Ah, interesting. USB-PD fast charging was introduced with the iPhone 8. I had no idea.
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Old Oct 18, 18, 7:52 pm
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Looks like 18W is above the max. And the cheap 12W adapter gets you most of the way there. iPhone X family is the same.


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Old Oct 22, 18, 2:35 pm
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Originally Posted by John Isaac View Post
Today I went back to get another one for my wife's phone (same one as mine) and 2 different Apple techs told me I should buy the 12 watt because the 30 watt would work, but, if used too often it could put undo stress on the phone's battery.
People that work in Apple stores aren't always the sharpest knives in the drawer. First of all what they referred to as a "charger" is really a power supply. The charging circuitry is on the device. That distinction isn't important to most consumers, but someone who calls themselves a "tech" should know that. The current used is determined by your phone's charging system. It will take what it needs. The current *available* is irrelevant (as long as it's enough, I believe you need at least ~10W for most iPhones). I've used a 8A/40W Anker power supply for 4-5 years with multiple iphones/ipads/hotspot/bluetooth headphones/fitbit, etc. Works great.

I've done some USB amperage testing, and my iPhone 7+ pulls a little over 1.6A (8W) when it starts the charging cycle. This drops off as it gets closer to 100%. I believe Apple starts slowing it down at 90% so it doesn't overcharge. That particular curve (high initial and then dropping off) is common for other Li-Ion devices too. What I find interesting is that Apple gives out only a 1.0A power supply with new iPhones, when they can clearly take more amps. This is why iPhones charge faster with an iPad power supply (2.1A)

With an inline USB amperage meter, I've noticed that devices pull max amps around:
iPhone 7+: 1.6A
iPad Pro 2: 2.2A
Hotspot: 2.1A
fitbit: less than 1A
QC35s: less than 1A.

Nice thing about having 8A (40W) available, is that I can charge all of those above at their max rate at the same time with one 4 port brick.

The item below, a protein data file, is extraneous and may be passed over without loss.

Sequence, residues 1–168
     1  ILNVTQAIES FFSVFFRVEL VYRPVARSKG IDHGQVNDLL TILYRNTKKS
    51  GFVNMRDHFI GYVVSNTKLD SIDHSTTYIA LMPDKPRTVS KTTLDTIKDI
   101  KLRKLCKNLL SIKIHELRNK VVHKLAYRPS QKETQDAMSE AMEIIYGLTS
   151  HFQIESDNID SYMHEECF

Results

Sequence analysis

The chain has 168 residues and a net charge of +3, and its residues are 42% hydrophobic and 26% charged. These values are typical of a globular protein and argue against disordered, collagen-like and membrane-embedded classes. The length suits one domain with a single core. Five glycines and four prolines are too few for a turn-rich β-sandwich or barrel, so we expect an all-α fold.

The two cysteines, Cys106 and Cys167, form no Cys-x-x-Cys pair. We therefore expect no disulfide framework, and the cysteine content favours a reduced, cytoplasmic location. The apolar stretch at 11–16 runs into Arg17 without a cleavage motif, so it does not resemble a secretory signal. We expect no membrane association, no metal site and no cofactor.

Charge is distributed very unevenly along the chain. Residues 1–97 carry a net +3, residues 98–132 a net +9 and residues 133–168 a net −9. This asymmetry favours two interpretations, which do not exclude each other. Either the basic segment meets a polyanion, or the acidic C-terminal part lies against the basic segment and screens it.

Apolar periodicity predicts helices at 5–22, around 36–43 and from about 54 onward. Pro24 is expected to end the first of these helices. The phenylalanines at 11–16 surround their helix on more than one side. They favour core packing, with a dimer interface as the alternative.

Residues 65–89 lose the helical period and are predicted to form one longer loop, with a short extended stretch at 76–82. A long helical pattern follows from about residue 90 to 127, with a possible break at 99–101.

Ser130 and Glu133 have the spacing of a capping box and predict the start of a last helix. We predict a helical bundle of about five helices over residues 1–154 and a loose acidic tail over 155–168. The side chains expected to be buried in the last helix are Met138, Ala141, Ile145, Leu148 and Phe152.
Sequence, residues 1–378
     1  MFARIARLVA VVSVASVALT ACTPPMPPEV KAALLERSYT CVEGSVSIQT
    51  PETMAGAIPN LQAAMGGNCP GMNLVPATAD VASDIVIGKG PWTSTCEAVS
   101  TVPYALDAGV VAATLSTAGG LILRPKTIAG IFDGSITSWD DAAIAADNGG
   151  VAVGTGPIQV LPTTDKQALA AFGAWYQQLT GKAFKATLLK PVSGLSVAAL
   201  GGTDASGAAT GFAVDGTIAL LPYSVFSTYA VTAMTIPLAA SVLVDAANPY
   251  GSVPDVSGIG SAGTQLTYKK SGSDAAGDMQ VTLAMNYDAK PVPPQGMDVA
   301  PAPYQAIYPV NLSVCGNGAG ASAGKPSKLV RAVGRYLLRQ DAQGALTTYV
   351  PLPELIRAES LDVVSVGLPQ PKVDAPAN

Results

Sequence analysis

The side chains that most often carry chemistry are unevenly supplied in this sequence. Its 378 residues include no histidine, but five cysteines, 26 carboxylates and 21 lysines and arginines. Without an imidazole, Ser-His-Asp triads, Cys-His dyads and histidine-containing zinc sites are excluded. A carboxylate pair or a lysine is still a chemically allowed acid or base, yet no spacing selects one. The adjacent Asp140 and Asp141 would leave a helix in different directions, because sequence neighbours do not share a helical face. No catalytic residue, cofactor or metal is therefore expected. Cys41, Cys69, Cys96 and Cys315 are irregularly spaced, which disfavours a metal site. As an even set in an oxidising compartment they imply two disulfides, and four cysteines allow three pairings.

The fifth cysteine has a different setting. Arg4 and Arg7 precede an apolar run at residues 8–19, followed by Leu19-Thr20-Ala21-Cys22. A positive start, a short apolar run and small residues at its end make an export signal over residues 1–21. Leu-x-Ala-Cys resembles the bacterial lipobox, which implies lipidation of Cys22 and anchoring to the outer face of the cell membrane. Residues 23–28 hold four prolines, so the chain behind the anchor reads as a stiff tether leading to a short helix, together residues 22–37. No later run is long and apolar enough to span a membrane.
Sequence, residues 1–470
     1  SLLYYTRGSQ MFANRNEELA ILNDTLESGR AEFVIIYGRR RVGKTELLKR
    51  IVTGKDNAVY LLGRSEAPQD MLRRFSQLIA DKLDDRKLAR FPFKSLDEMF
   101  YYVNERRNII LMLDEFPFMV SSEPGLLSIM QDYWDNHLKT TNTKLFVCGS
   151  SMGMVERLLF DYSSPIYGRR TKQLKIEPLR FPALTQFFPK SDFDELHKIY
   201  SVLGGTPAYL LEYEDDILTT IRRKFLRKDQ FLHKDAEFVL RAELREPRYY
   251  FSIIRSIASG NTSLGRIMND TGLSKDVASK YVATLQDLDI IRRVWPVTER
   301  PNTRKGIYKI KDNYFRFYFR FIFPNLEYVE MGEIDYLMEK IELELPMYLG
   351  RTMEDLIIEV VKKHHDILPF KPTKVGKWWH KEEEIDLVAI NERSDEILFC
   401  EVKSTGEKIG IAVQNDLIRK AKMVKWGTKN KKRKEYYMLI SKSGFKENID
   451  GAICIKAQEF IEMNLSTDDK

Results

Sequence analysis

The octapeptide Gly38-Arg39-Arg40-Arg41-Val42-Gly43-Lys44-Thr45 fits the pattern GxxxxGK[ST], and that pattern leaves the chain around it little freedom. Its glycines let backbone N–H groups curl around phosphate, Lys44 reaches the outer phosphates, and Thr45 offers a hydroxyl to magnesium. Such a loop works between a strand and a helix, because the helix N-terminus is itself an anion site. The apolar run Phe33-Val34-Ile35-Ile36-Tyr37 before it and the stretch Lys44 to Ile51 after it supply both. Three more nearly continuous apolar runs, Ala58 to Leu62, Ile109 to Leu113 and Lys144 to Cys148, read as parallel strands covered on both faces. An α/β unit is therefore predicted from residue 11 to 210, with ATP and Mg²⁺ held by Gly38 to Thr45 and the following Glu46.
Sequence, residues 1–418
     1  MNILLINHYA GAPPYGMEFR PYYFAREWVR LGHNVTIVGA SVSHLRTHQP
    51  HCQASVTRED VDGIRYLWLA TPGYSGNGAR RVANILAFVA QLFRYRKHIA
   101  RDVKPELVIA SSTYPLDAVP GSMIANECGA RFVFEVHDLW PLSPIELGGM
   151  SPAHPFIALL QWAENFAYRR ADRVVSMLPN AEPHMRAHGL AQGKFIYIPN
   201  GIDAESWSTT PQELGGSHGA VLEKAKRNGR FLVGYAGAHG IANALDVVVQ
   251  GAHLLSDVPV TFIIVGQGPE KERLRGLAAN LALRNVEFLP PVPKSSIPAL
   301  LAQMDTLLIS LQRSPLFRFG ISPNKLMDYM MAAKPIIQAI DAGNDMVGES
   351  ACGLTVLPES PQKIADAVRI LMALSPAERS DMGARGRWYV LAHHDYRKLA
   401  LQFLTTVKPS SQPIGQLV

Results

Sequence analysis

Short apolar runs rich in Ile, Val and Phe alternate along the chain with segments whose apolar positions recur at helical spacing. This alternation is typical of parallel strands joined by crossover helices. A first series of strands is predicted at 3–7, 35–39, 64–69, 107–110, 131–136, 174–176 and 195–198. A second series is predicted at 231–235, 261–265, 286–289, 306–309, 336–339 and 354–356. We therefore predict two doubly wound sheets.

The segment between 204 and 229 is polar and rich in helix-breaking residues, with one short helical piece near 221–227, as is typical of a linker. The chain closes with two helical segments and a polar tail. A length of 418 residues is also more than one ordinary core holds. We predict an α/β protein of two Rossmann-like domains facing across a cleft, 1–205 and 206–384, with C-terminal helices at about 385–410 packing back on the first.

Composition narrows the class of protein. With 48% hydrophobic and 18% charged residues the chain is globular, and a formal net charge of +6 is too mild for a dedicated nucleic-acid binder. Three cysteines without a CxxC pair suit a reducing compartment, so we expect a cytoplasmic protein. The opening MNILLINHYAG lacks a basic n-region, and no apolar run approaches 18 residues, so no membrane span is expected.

TL;DR: The Apple store peep is wrong. Get a larger power supply.
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Old Oct 26, 18, 5:21 pm
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Originally Posted by HDQDD View Post
First of all what they referred to as a "charger" is really a power supply. The charging circuitry is on the device. That distinction isn't important to most consumers, but someone who calls themselves a "tech" should know that.
In fairness, if the techs started calling it a "power supply" then their customers would start telling them they don't want a power supply, they want a "charger"!
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Old Oct 27, 18, 9:07 am
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Originally Posted by docbert View Post
In fairness, if the techs started calling it a "power supply" then their customers would start telling them they don't want a power supply, they want a "charger"!
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So true. Although I have noticed that some of the backup batteries are starting to call themselves "power banks".
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Old Oct 27, 18, 1:22 pm
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Originally Posted by HDQDD View Post
So true. Although I have noticed that some of the backup batteries are starting to call themselves "power banks".
Backup batteries are device/format specific. If it's generic source of power that can power many devices, it is power bank